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My Intercalated Degree So Far

For some medical schools an intercalated degree is not compulsory, it may be optional. During my 3rd year of study, I decided that I wanted to do an intercalated degree. This was for many reasons. Despite it being an extra year of study, I believed that it was the right decision in order for me to maximize my potential during my time at medical school. As I am still unsure of what I would like to specialize in later on, I am doing my intercalated degree internally at St. George’s. Here, I am able to study further in depth a variety of specialties whilst conducting a research project.

It has been 1 and a half months since I started, and I have decided to share 4 key tips that I have learnt so far.

Get things done early.

In medicine, you are not always used to writing many essays as coursework and having many deadlines. However, with an intercalated degree, this is the case. As part of my modules I am required to write essays, whilst also doing my research project. I believe the best way to tackle this is to make a note of the deadline, make a plan for the essay and start writing immediately. This will save plenty of time later on for your research project and for other assignments.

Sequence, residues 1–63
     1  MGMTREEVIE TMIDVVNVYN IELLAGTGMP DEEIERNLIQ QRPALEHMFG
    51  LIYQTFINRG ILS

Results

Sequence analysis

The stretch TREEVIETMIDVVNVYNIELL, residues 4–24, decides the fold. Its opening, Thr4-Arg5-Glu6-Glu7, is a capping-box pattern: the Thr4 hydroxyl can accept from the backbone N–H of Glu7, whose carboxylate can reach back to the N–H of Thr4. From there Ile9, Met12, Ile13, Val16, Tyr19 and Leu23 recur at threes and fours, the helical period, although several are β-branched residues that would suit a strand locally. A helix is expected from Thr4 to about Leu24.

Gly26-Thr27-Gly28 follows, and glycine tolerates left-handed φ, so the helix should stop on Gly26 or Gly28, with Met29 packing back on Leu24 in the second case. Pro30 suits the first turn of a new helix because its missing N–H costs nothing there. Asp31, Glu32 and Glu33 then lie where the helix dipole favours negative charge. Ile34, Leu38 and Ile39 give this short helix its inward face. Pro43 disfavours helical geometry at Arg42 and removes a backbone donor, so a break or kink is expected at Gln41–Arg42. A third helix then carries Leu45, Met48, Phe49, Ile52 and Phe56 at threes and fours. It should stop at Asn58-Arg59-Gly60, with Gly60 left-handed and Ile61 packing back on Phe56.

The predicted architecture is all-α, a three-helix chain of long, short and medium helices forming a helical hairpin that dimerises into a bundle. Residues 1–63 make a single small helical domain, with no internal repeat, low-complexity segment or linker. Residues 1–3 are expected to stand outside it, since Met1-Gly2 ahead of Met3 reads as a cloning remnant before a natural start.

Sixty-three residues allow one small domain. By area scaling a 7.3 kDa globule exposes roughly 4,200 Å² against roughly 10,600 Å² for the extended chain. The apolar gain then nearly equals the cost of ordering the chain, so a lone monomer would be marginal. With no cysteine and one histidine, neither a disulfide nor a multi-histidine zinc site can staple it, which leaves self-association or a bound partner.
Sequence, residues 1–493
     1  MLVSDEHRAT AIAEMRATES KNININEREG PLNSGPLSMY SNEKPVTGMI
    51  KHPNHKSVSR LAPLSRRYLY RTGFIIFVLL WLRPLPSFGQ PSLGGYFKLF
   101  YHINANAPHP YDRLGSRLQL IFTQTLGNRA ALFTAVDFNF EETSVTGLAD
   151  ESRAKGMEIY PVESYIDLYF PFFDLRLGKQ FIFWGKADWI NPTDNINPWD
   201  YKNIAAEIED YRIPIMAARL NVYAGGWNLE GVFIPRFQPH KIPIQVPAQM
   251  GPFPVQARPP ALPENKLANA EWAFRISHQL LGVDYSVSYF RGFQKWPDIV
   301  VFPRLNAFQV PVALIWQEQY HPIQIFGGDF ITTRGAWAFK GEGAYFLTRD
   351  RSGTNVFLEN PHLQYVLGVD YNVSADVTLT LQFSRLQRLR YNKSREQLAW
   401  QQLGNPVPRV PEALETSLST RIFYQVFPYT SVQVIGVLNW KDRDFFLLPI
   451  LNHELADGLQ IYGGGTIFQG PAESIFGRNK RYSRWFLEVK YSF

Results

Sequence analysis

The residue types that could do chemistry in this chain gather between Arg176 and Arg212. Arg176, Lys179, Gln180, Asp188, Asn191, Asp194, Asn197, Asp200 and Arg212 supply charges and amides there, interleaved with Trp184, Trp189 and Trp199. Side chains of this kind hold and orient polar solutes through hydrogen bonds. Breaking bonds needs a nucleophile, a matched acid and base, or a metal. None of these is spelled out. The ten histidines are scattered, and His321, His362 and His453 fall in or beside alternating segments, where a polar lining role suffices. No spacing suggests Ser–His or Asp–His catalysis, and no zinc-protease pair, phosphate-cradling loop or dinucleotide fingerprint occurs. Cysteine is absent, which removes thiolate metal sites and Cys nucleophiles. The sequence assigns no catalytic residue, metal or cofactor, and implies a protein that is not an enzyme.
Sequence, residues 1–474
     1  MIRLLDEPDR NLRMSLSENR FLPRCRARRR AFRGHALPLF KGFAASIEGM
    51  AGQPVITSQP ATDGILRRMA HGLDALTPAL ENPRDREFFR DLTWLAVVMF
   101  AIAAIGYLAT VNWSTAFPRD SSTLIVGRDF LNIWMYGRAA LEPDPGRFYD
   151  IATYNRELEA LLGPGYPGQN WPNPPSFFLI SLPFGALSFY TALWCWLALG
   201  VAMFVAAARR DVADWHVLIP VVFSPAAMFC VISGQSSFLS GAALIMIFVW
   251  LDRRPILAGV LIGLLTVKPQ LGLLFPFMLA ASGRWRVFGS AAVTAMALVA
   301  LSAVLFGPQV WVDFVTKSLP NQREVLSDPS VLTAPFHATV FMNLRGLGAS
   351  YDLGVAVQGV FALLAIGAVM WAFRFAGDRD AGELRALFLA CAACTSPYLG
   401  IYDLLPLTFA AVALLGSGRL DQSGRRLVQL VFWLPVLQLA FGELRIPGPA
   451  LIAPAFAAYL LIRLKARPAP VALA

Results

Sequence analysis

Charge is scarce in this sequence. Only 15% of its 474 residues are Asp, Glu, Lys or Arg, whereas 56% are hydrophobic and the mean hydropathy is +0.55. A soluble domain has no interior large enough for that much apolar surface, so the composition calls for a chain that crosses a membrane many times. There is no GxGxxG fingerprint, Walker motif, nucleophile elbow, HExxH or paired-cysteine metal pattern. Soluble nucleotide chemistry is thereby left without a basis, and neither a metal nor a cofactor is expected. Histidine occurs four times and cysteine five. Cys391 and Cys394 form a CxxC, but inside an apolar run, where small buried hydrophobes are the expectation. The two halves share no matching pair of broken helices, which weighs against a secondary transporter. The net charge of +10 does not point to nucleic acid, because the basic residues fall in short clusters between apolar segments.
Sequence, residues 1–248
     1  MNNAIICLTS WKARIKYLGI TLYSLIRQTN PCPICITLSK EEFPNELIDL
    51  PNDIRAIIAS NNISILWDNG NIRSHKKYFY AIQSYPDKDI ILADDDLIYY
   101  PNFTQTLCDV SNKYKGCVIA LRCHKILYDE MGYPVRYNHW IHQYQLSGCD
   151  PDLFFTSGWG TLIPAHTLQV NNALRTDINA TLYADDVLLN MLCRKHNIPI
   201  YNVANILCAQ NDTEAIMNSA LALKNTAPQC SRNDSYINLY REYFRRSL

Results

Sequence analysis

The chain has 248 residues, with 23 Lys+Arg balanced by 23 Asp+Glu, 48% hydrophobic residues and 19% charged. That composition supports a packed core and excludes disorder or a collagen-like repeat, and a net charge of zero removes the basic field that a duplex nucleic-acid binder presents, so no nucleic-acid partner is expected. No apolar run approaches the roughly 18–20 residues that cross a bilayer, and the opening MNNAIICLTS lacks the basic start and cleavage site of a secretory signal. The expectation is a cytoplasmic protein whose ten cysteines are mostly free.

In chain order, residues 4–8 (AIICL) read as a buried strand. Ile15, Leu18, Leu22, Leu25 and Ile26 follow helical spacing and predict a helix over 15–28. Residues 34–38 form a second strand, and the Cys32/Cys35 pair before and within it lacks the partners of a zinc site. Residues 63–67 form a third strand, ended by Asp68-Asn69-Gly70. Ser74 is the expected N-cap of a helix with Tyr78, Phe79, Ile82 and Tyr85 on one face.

Use this year as an opportunity to conduct research and perhaps get published.

Many of you may know that getting published can give you a maximum of 2 points for your Foundation Programme Application. Aside from this, taking part in research gives you essential skills that you will need later on post medical school. Doing research and trying to get published is a long, difficult journey, but it is one worth taking.

Don’t forget medicine.

It is important to note that you are taking a whole year out of studying medicine. In order to have a smooth transition back into medicine after intercalation, it is important to keep reviewing your past material. Try to stay on top of the medicine. Perhaps this could be taking a couple of hours a week out of your normal schedule to revise some of the content you had learnt in your previous academic years.

This is your year to do as much as you can.

One of the great benefits of doing an intercalated degree is the sudden realization that you have a lot more free time. If you’re like me, you are probably in university 2-3 times a week. As a result, you are able to do a lot more in that free time. Apart from doing your work, you can perhaps take up a sport, join more societies etc. I see it as your year to engage in as much as you can because the next few years of medical school will be very intense.

Deciding to do an intercalated degree has been one of the best decisions I have made. Not only am I developing skills that will benefit me in future, many opportunities are coming my way this year such as being able to present my research at conferences. Don’t forget that you also get to graduate at the end of this year with a couple of extra letters after your name.

Written by Khadija Owusu

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